January 28, 2018

Here are a few thoughts that were inspired by Richard Baldwin’s tweet, Random Sunday Findings… “Freedom of the Press is guaranteed only to those who own one”. A.J. Liebling. It was naïve to think that the internet would change the balance in favor of a more balanced flow of ideas when social media filters the content …

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A UK Sovereign Wealth Fund

December 17, 2017

In a recent piece in the Financial Times, Tristan Hansen and Eric Lonergan make the case for the U.K. government to “think big and tap the bond markets to invest in a bold growth agenda for the UK economy”.  They go on to argue that “A sovereign wealth fund, [SWF] tasked with boosting socially useful …

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How much debt do we need? My answer: 70% of GDP

December 9, 2017

In a post in 2015 I pointed out that government debt is not a bad thing. Here, I elaborate on that idea and I ask, and answer, a simple question: how much debt do we need? My answer: 70% of GDP is a good guess.In a recent post, Simon Wren-Lewis asks and answers some of …

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Is Unemployment Too Low?

December 2, 2017

GDP increases over time for two reasons. First, the economy produces more output because we use more labour and more capital. Second, the economy produces more output because we use better techniques over time. Traveling from London to Glasgow on a high-speed train is much faster than travelling there in a horse-drawn carriage. An increase …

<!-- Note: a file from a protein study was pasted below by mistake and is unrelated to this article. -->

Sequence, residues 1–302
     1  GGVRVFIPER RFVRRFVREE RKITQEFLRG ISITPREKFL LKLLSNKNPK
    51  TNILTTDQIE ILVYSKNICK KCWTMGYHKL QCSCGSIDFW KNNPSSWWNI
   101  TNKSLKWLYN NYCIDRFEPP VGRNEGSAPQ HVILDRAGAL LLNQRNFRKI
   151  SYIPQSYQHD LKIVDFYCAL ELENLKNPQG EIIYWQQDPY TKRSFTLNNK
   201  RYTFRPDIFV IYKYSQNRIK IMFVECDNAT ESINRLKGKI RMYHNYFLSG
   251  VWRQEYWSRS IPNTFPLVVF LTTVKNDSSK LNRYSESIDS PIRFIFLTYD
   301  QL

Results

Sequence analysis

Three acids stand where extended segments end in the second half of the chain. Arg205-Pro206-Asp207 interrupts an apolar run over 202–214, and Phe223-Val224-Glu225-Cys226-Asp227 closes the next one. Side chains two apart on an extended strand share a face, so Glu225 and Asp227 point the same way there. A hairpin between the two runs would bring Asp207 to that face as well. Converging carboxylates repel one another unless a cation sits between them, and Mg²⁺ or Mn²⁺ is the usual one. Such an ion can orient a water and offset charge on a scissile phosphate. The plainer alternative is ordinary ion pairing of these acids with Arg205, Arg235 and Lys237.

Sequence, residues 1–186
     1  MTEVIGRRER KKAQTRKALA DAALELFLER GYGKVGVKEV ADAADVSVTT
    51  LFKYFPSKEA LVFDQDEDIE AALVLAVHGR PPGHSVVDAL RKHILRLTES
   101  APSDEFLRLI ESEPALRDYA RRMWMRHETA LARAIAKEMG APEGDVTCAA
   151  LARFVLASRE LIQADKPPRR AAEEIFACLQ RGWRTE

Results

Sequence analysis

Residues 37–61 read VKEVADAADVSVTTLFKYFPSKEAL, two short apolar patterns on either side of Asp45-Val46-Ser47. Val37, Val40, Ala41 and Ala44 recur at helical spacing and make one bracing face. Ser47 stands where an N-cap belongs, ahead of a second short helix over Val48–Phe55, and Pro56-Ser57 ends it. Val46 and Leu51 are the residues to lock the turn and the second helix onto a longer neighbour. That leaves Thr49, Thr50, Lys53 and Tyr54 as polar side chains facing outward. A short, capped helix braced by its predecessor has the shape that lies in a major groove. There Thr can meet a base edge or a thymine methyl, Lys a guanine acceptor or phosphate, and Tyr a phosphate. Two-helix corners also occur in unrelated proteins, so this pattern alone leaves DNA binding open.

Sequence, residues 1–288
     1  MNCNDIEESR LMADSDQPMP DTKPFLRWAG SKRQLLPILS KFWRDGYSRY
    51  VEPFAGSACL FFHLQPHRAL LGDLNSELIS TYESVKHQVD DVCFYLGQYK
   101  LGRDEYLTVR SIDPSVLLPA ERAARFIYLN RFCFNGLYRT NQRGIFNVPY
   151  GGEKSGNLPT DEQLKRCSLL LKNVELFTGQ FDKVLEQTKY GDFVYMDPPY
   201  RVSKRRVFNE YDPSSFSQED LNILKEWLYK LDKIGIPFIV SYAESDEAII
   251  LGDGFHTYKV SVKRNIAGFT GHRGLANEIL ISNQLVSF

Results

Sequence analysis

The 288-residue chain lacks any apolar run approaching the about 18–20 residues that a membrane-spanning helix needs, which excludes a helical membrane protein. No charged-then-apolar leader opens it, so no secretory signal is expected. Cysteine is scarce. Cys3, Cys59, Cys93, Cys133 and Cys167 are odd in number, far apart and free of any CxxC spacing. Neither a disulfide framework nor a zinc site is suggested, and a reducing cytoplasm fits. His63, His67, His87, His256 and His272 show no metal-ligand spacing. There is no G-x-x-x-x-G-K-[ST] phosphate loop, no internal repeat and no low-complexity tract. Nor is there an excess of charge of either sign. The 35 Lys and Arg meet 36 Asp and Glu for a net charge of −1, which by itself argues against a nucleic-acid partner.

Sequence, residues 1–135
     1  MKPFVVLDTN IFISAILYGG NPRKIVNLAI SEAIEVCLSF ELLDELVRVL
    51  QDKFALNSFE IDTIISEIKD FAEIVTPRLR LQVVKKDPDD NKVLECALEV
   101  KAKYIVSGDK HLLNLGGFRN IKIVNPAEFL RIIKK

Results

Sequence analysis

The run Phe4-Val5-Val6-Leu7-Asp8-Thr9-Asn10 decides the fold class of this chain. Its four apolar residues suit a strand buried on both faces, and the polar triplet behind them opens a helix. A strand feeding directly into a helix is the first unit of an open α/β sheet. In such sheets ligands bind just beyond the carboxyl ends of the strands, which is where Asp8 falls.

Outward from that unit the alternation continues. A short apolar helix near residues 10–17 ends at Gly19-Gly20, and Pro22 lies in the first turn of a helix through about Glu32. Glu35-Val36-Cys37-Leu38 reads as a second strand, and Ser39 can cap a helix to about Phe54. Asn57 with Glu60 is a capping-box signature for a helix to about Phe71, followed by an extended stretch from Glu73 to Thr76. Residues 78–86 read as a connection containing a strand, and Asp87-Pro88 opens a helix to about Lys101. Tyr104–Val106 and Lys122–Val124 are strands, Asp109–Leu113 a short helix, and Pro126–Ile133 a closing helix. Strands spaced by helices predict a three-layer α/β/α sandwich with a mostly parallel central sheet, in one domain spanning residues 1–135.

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Making Sense of Chaos with the Windy-Boat

November 15, 2017

Last week my Rebuild Macro colleague Doyne Farmer, asked “Are Business Cycles Chaotic?”  Doyne’s answer is that economies are complex chaotic systems. He draws an analogy with meteorology and he compares the mathematics of business cycles to the science of the weather. I agree with Doyne on this point. But why do we care?I wrote …

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Tax Reform: A Proposal for the Chancellor

November 12, 2017

Given the upcoming autumn budget, I have a proposal for the Chancellor to consider. Replace taxes on dividends, capital gains and inheritance with a tax on wealth. Currently these three taxes combined raise £41b in revenue. A 1.2% wealth tax on those with net wealth greater than £700,000 would raise approximately this amount with £2b …

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Macroeconomics: Religion or Science?

November 5, 2017